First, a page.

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General Relativity
Chapter 8
Introduction
GR is Einstein’s theory of gravitation that
builds on the geometric concept of space
time introduced in SR.
Is there a more fundamental explanation of
gravity than Newton’s law?
GR makes specific predictions of deviations
from Newtonian gravity.
Curved spacetime
Gravitational fields alter the rules of
geometry in spacetime producing “curved”
space
For example the geometry of a simple
triangle on the surface of sphere is different
than on a flat plane (Euclidean)
On small regions of a sphere, the geometry is
close to Euclidean
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How does gravity curve spacetime?
•With no gravity, a ball thrown upward continues upward
and the worldline is a straight line.
•With gravity, the ball’s worldline is curved.
•It follows this path because the spacetime surface on
which it must stay is curved.
•To fully represent the trajectory, need all 4 spacetime
dimensions curving into a 5th dimension(!)
•Hard to visualize, but still possible to measure
t
t
x
x
No gravity
gravity
Principle of Equivalence
A uniform gravitational field in some
direction is indistinguishable from a uniform
acceleration in the opposite direction
Keep in mind that an accelerating frame
introduces pseudoforces in the direction
opposite to the true acceleration of the
frame (e.g. inside a car when brakes are
applied)
Elevator experiment
•First, elevator is supported and not
moving, but gravity is present.
Equate
forces on the person to ma
(=0 since a=0)
•F
s
 mg = 0
so
F
s
= mg
•F
s
gives the weight of the person.
•Second, no gravity, but an upward
acceleration a.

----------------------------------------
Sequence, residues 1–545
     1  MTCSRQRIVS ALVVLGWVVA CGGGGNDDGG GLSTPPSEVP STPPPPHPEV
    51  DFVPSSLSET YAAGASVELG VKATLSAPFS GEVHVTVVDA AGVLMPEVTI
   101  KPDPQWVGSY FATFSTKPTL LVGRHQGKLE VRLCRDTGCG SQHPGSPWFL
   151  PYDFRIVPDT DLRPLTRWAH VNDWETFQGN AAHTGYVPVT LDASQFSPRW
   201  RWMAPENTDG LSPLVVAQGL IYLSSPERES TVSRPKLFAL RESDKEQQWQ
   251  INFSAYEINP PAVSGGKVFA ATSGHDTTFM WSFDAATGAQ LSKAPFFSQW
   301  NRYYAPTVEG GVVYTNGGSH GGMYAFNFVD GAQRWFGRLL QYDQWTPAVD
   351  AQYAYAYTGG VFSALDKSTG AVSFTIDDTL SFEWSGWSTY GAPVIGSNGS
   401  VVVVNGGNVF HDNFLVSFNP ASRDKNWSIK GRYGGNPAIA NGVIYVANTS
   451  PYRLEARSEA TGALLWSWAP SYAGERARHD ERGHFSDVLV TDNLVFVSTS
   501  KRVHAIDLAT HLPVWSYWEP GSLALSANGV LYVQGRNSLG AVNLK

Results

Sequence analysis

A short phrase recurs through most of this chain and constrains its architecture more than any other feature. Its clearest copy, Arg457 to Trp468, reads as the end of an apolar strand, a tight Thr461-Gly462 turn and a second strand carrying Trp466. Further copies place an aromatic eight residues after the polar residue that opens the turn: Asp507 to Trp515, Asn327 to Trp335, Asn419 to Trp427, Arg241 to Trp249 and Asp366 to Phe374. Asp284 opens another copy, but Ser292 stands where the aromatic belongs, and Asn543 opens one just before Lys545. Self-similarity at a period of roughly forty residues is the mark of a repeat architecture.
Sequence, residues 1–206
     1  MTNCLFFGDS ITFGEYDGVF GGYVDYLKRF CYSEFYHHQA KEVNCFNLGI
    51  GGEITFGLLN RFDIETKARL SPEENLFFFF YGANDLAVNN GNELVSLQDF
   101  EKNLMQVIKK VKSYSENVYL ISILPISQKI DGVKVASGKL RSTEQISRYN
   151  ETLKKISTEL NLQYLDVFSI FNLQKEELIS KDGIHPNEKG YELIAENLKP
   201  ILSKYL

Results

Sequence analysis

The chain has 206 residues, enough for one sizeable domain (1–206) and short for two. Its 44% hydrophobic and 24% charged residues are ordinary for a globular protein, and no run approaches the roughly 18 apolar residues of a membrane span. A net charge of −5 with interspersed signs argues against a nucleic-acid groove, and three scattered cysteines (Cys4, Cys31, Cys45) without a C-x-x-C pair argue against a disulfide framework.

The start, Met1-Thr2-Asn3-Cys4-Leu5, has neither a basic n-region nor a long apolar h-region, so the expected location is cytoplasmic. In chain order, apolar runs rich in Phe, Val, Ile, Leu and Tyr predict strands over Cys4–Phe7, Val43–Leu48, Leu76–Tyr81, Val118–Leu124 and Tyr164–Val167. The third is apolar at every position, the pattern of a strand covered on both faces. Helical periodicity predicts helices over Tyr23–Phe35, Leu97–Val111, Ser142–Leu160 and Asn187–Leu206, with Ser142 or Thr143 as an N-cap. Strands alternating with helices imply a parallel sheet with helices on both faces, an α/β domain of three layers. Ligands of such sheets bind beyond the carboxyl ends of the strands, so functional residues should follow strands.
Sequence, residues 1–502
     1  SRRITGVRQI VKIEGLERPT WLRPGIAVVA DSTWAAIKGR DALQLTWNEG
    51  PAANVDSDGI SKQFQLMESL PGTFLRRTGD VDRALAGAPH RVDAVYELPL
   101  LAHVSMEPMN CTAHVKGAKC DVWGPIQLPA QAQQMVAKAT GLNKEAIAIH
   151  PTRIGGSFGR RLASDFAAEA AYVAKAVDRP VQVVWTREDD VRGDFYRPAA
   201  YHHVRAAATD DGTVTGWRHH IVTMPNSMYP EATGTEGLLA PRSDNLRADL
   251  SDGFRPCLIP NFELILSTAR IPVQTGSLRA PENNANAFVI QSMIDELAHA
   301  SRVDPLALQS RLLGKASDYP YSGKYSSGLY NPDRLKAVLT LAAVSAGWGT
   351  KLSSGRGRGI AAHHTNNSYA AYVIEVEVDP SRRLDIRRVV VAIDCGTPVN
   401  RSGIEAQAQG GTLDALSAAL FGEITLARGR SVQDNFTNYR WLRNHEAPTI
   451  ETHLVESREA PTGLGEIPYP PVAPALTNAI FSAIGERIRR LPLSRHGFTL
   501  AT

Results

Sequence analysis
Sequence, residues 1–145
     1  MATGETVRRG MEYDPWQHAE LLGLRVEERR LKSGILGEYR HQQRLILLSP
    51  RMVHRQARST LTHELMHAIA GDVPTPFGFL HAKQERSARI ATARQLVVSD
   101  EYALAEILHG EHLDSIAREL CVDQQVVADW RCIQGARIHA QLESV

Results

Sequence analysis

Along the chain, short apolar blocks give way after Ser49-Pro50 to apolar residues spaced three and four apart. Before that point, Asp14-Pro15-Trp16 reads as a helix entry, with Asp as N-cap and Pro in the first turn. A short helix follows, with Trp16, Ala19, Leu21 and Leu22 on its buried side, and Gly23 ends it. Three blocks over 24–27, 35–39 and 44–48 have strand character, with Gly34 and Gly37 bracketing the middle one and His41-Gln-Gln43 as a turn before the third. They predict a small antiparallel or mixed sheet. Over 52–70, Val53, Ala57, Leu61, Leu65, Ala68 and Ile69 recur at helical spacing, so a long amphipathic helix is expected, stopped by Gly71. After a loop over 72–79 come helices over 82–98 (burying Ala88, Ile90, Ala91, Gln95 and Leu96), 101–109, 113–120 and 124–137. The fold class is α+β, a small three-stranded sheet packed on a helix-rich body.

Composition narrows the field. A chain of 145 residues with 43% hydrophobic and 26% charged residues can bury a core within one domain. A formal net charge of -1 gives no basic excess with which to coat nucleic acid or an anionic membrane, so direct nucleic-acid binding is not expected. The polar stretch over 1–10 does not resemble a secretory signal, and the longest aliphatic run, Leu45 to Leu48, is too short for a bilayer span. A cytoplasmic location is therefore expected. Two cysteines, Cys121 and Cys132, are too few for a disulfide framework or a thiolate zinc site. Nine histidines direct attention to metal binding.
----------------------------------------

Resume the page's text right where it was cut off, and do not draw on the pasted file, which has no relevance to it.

The only force on the
person is F
s
and so
•F
s
= ma
or
F
s
= mg if “a” value is the
same as “g”
•Person in elevator cannot tell the
difference between gravitational field and
accelerating frame
•Third, there is gravity and the elevator is
also in freefall
•Fs  mg = mg
or
Fs = 0
•“Weightless”
Let upward
forces be
positive,
thus gravity
is g
See also http://www.pbs.org/wgbh/nova/einstein/relativity/
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Einstein was bothered by what he saw as a dichotomy in the
concept of "mass." On one hand, by Newton's second law
(
F=ma
), "mass" is treated as a measure of an object’s
resistance to changes in movement. This is called
inertial mass
.
On the other hand, by Newton's Law of Universal Gravitation,
an object's mass measures its response to gravitational
attraction. This is called
gravitational mass
. As we will see,
Einstein resolved this dichotomy by putting gravity and
acceleration on an equal footing.
The principle of equivalence is really
a statement that
inertial and
gravitational masses are the same
for any object.
This also explains why all objects have the same
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This note was uploaded on 02/13/2012 for the course AST 3019 taught by Professor Sarajedini during the Spring '08 term at University of Florida.
 Spring '08
 Sarajedini
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